Tuesday, November 21, 2017

A better depth buffer for raymarching

When doing any type of raymarching over a depth buffer, it is very easy to determine if there is no occluder – the depth in the buffer is farther away than the current point on the ray. However, when the depth in the buffer is closer you might be occluded or you might not, depending on a) the thickness of the occluder and b) if there are any other occluders behind the first one and their thickness. It seems most people assume a) is either infinite or a constant value and b) is ignored alltogether.

Since my new renderer is entirely based around screen space raymarching I wanted to improve on this to make it more accurate. This has been done before, but mostly in the context of order independent transparency (I think).

Let's look at a scene where the occluders are assumed to have infinite depth (I have tweaked the lighting for more distinct shadows to get a better look at raymarching artefacts, so the lighting does not exactly match the environment in these screenshot).


At a first glance it may look okay, but at certain angles, it is very evident that something is off:


Even an object that is visibly thin will receive a shadow as if infinitely thick. The go-to trick in this situation is to hardcode a thickness and tweak until it looks acceptable:


Still artefacts, but much better. However, for most scenes it's just not possible to find one single thickness that works for everything. What we ideally want is the actual object thickness per pixel. One relatively cheap way of approximating depth is to render a depth buffer for back faces. As long as objects don't overlap, are closed and reasonably convex, the difference between front face depth and back face depth is actually a pretty accurate representation of the object thickness.


I store front face and back face depth in different channels of the same texture, so I just retrieve RG instead of R for each pixel and compare the depth to both values when raymarching, making it really cheap. This removes a lot of artefacts, but there is still room for improvement.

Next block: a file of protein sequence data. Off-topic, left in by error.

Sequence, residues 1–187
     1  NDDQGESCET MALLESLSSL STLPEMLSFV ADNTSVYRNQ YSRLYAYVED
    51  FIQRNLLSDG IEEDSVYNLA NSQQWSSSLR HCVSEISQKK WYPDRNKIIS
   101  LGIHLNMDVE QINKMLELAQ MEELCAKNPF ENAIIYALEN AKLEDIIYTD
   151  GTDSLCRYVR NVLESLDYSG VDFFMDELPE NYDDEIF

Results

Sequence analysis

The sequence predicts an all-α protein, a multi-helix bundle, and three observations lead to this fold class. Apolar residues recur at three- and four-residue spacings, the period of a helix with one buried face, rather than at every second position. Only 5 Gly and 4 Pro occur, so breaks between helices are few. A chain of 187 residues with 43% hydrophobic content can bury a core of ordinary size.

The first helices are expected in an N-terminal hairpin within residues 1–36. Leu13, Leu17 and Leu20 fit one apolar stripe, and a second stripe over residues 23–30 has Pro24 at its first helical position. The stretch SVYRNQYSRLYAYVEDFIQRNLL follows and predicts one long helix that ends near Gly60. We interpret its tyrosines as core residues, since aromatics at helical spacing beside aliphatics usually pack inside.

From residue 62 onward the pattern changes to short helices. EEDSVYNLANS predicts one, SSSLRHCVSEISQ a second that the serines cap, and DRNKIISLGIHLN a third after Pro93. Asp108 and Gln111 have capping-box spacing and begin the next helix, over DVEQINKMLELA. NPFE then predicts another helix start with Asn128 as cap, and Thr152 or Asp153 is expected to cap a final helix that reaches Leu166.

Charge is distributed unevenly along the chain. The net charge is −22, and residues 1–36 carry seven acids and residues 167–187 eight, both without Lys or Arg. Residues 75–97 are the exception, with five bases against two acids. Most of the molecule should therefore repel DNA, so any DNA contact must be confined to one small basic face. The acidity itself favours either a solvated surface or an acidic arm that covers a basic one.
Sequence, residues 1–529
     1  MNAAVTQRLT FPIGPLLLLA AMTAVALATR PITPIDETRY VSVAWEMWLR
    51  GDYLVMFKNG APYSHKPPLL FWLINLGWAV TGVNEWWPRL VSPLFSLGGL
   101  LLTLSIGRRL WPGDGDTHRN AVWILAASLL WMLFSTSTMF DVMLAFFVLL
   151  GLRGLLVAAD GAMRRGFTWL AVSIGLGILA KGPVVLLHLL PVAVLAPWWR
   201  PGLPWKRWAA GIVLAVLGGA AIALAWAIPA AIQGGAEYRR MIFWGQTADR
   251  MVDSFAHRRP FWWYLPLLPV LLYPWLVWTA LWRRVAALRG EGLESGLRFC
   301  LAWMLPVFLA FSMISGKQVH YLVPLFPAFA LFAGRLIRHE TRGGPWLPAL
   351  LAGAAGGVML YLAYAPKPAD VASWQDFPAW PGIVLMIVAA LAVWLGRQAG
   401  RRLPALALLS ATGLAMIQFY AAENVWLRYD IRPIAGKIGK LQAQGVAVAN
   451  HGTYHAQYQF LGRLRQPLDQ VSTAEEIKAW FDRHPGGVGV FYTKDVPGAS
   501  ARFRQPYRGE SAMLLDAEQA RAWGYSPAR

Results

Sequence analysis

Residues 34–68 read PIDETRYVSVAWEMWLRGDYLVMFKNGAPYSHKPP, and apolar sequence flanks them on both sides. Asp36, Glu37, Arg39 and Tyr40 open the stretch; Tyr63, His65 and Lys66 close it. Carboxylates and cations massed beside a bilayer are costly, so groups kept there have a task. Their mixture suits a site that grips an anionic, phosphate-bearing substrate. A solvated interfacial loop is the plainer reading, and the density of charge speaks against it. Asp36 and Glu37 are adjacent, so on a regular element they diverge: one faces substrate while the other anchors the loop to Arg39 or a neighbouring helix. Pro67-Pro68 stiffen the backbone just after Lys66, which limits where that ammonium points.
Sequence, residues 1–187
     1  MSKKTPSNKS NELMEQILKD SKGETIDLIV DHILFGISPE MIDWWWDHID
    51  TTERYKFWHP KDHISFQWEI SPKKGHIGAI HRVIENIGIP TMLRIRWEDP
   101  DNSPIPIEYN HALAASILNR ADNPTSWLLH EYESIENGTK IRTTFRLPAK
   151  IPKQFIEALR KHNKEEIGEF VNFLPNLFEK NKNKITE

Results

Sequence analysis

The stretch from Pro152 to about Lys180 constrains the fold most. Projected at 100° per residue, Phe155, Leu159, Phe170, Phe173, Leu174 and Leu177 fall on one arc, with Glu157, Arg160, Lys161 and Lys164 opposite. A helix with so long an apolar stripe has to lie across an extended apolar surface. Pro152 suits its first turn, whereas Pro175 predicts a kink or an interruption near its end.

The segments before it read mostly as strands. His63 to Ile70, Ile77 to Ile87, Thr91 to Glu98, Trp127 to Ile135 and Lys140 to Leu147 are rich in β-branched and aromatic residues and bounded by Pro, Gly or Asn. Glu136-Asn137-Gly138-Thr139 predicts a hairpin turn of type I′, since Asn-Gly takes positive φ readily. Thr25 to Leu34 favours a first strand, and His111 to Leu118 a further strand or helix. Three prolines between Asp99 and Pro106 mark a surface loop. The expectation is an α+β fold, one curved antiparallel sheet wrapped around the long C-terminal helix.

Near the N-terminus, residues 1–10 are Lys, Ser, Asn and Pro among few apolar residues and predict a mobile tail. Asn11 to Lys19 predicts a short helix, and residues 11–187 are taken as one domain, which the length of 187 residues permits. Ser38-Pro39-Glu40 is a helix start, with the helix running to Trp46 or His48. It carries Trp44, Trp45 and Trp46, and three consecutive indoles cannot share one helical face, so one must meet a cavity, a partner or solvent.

It is hard to visualize in a still image, but with a moving camera it becomes very clear that shadows are only visible for the first layer of objects. As soon as an object disappears behind something, its shadow is also gone. This is of course particularly evident with long shadows from, say, a sunset.

Creating another layer of depth information is called depth peeling and there are several ways to do it. I use the stencil buffer, but it can also be done by discarding fragments in a shader. I already mentioned that I store front and back face depth in two different channels of the same texture, so why not add another layer of front and back face depth and make it a full, four channel texture? All four depth values (first front, first back, second front, second back) can still be fetched as a single texture read, making it really fast.

One could imagine doing even more depth layers, but the visual improvement would be hard to notice.

2 comments:

  1. Thanks - this is educating.
    So you have custom shaders to render depth? Or is it possible to do what you described (I mean a second layer of depths specifically) with depth buffering settings?

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    1. I think it's probably smarter to do it with depth, but I' actually using the stencil buffer. I depth sort objects front to back and draw them with glStencilFunc(GL_EQUAL, 1, 1); glStencilOp(GL_REPLACE, GL_KEEP, GL_KEEP); This will draw the second layer depth peel only.

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